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We have two urns $U_1$ and $U_2$.

$U_1$ contains $4$ white and $2$ black balls.

$U_2$ contains $3$ white and $4$ black balls.

We draw $2$ balls from $U_1$ successively without returning and put them in $U_2$ then we draw $1$ ball from $U_2$.

We are asked to calculate the probabilities of the two following events :

$E_1$ : " Getting three balls of the same colour "

$E_2$ : " Getting exactly two white balls "

My approach for $E_1$ :

Let $W_1$, $B_1$, $W_2$ and $B_2$ be the events :

$W_1$ : " the two balls drawn from $U_1$ are white "

$B_1$ : " the two balls drawn from $U_1$ are black "

$W_2$ : " the ball drawn from $U_2$ is white "

$B_2$ : " the ball drawn from $U_2$ is black "

We have

$$\begin{align*}p(E_1) & = p_{W_1}(W_2)\times p(W_1) + p_{B_1}(B_2)\times p(B_1) \\ & = \dfrac 59\times \dfrac{P^2_4}{P_6^2} + \dfrac 39\times \dfrac{P^2_2}{P_6^2}\end{align*}$$

Is this correct and is there an easier approach ?

My approach for $E_2$

I introduce a new event :

$W_1^1$ : " Drawing exactly one white ball from urn $U_1$ "

We then have

$$\begin{align*}p(E_2) & = p_{W_1^1}(W_2)\times p(W_1^1) + p_{W_1}(B_2)\times p(W_1) \\ & = \dfrac 49\times\dfrac{2\times P^1_4\times P^1_2}{P_6^2} + \dfrac 49\times\dfrac{P^2_2}{P_6^2} \end{align*}$$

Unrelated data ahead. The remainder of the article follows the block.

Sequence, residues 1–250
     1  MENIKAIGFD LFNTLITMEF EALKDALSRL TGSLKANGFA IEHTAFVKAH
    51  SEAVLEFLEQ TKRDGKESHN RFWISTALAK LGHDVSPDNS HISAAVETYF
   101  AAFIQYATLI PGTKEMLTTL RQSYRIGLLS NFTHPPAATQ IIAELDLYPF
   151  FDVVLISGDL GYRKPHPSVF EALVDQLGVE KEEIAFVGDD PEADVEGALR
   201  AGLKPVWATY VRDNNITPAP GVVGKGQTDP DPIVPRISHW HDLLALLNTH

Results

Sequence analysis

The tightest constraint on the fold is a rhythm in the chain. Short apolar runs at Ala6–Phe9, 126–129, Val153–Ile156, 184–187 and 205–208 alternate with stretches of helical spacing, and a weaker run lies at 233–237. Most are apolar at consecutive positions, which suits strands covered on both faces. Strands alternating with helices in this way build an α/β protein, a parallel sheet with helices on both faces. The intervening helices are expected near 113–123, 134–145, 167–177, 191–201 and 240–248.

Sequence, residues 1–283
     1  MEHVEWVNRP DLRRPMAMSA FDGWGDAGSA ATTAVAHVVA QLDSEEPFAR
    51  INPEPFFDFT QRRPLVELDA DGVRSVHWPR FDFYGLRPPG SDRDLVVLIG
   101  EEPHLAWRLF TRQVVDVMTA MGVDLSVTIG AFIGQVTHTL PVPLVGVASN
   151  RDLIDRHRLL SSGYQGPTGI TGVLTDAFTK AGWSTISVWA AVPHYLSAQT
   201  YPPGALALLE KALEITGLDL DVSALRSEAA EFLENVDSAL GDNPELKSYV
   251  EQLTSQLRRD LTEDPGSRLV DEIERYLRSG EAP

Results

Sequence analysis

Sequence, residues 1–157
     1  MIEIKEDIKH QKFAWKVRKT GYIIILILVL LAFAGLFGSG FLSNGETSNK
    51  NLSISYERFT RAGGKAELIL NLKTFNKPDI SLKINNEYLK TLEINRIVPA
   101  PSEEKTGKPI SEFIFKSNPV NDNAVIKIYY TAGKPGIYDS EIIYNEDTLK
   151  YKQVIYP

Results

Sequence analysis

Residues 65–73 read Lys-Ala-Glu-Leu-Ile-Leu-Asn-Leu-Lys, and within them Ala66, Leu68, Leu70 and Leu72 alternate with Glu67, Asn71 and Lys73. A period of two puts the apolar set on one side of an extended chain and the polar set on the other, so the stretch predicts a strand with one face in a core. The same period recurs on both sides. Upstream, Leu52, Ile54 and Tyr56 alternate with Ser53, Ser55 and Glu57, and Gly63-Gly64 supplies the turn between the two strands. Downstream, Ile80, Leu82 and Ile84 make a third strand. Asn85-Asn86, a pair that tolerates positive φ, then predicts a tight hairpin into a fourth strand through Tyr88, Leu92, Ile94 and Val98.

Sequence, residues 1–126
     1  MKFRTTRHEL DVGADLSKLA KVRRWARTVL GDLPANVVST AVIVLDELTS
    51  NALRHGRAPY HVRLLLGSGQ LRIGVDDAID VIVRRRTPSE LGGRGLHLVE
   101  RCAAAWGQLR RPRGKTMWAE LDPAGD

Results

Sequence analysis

Is this correct and is there an easier approach ?

One last question :

in a finite probability space, is the following implication true :

$$ P(A) = 0 \implies A = \emptyset$$

I'm aware of it being incorrect in general but is there a counterexample when $X(\Omega)$ is finite.

Thanks.

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    $\begingroup$ I don't know what you mean by $A_6^2$ and so on. $\endgroup$ – saulspatz May 9 at 8:51
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    $\begingroup$ I have not seen that notation before; I have previously seen the notation $P_n^k = \frac{n!}{(n-k}!}$ where the "P" is the initial letter of "permutations." You can use $A_n^k$ but it would be advisable to copy your comment into the question text itself where the notation is first used. $\endgroup$ – David K May 9 at 12:11
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    $\begingroup$ To add to the confusion, the English practice also uses "permutation" in the way the French practice does. The only way to tell which kind of "permutation" is meant is to notice whether two numbers are specified as parameters or just one number is specified. $\endgroup$ – David K May 9 at 12:23
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    $\begingroup$ By the way, the calculations look correct, though I think you swapped the order of the factors in some terms (no effect on the answer, of course, but more difficult to check). The last question seems to have obvious counterexamples but you could easily rewrite the definitions to rule them out, so I suppose you really need to refer to the definitions you were given. $\endgroup$ – David K May 9 at 12:27
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    $\begingroup$ There are only eight outcomes to this experiment so drawing a tree makes it easy to compute the probabilities of all outcomes. Then the questions become as easy as adding the probabilities of the appropriate leaves. $\endgroup$ – John Douma May 9 at 19:07

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